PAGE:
Thinking Anglicans

Supreme Court rules on Civil Partnerships

Updated to correct first sentence

The UK Supreme Court has ruled that restricting civil partnerships to same-sex couples is discriminatory.

The court’s own press release is here, and the full text of the judgement is over here.

UK Human Rights Blog published this beforehand: The ‘straight civil partnership’ challenge: All you need to know before the Supreme Court Judgment.

As yet it’s quite unknown how the UK government will respond to this decision. It had earlier embarked on a consultation, to which the Church of England has already responded. See our earlier article: Church of England opposes end to civil partnerships.

Some earlier articles on what the Church of England thought at the time:

 

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David Lamming
David Lamming
3 years ago

Simon, you say that “as yet it’s quite unknown how the UK government will respond to [the Supreme Court] decision”. However, Tim Loughton MP, who has a private member’s bill currently before Parliament seeking to change the law to extend civil partnerships to opposite-sex couples, raised the issue yesterday at PMQs in the light of the SC decision, given a couple of hours or so earlier: “This morning the Supreme Court ruled that the Government had created inequality in not extending civil partnerships to everyone when they passed the equal marriage legislation back in 2013, and that discrimination needs to… Read more »

Interested Observer
Interested Observer
Reply to  Simon Sarmiento
3 years ago

Why? The set of people who will take a civil partnership (which was explicitly designed to mirror marriage in every possible way other than the name) rather than just getting married is vanishingly small. It consists of people who are fighting a completely fictive battle of concern to almost no-one about a view of registry office marriage shared by a tiny number of obsessives. Contrary to the claims made at the time, civil partnerships are now being used by only a tiny handful of same-sex couples. There might be a possible pension issue were the government to be crazy enough… Read more »

Bernard
Bernard
Reply to  Simon Sarmiento
3 years ago

How is that £3.3B figure arrived at?

Interested Observer
Interested Observer
Reply to  Simon Sarmiento
3 years ago

No, that’s not my argument. My argument is that extending to opposite-sex couples the current civil partnership, which does include pension equalisation, will not cause any significant number of extra “civil partnerships or marriage” to be formed. In other words, opposite-sex civil partnerships will be instead of, rather than as well as, marriages. So opening up the current civil partnership to opposite-sex couples will be a non-event for pensions, as the aggregate number of people with survivor rights will remain roughly constant. It might be possible, albeit pointless and messy, to construct a marriage-lite form of civil partnership which would… Read more »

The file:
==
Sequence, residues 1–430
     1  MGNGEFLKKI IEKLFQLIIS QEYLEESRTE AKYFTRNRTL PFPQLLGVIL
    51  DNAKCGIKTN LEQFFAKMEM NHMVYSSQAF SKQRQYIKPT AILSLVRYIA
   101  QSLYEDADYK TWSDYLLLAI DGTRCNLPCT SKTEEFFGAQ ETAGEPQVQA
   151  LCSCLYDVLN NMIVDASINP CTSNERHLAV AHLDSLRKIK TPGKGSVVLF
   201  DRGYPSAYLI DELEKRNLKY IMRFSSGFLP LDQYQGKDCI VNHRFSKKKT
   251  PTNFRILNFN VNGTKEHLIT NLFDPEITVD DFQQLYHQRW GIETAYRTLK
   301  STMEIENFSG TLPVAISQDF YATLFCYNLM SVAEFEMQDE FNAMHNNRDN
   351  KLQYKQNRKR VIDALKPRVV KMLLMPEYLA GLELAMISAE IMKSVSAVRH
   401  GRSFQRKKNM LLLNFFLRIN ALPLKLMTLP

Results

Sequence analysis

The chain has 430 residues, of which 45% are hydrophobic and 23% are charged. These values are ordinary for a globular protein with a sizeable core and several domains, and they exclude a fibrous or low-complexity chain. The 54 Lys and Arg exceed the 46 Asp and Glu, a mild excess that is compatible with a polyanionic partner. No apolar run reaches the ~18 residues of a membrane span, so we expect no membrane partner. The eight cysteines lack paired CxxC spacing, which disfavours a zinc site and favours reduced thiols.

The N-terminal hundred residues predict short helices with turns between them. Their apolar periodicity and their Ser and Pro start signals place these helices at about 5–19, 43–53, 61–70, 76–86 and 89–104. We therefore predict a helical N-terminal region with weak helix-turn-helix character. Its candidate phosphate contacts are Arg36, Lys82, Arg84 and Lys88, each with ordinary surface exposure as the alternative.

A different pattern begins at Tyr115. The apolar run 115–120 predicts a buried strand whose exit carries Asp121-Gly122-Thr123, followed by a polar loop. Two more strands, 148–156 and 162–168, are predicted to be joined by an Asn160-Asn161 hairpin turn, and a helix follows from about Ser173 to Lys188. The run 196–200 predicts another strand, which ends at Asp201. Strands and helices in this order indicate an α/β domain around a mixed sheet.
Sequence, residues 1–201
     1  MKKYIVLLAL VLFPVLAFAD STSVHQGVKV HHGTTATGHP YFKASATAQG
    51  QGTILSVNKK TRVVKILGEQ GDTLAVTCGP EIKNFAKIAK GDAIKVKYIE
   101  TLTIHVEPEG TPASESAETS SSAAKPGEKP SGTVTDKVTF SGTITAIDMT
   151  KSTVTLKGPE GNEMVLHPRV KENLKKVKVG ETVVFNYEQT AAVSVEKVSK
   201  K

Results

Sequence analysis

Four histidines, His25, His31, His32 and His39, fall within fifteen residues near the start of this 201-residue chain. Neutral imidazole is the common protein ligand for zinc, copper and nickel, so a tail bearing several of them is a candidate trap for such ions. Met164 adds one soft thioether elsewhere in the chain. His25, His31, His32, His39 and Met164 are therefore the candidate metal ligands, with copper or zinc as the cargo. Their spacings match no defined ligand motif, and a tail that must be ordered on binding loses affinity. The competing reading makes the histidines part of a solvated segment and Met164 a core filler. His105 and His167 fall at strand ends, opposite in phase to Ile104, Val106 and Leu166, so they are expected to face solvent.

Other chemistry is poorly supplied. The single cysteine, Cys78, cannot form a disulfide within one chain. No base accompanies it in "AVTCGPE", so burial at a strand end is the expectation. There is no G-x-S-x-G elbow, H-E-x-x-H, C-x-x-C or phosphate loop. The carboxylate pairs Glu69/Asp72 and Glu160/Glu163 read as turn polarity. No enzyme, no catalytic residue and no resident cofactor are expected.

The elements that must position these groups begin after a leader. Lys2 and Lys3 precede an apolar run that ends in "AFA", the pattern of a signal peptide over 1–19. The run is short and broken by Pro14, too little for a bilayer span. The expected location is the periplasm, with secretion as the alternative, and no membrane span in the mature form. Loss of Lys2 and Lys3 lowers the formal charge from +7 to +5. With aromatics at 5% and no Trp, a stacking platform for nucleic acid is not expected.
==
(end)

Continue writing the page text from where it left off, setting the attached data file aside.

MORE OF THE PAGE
Bernard
Bernard
Reply to  Simon Sarmiento
3 years ago

As far as I can see, the figure is to do with equalising survivor benefits between same-sex and opposite-sex partnerships (whether marriages or CPs) accrued before 2005. The figure has nothing to do with the possible introduction of CPs for opposite sex couples or the discontinuation of CPs for everybody. The report conflates a number of different issues so it’s quite difficult to tell. I agree with IO that this is a non-event as far as pensions are concerned.

Bernard
Bernard
3 years ago

This will be helpful to the Government because it will restrict the range of options it needs to consider. The only possibilities are presumably 1. To open CPs to all couples, and hence to run CP and marriage in parallel indefinitely 2. To discontinue CPs, at least for new entrants. Within option 1, if the view is that CPs are not “marriage-lite” but are a different construct of equal value, then perhaps there needs to be a provision for conversion in both directions! My post on the previous thread on this topic points to evidence, from Quebec, that CPs are… Read more »

Interested Observer
Interested Observer
Reply to  Bernard
3 years ago

There is absolutely no way that a government mired in Brexit is going to mess around with a complex range of marriage-lite options. So your options 1 and 2 are the only options, and neither matters. Option 1 doesn’t matter for the reasons I set out above, that no-one outside a small number of noisy campaigners cares. So a tiny number of people might enter into marriage by another name rather than marriage by name? So what? Option 2 doesn’t matter much more because last year fewer than 1000 same-sex couples had civil partnerships, and it’s unknowable how many of… Read more »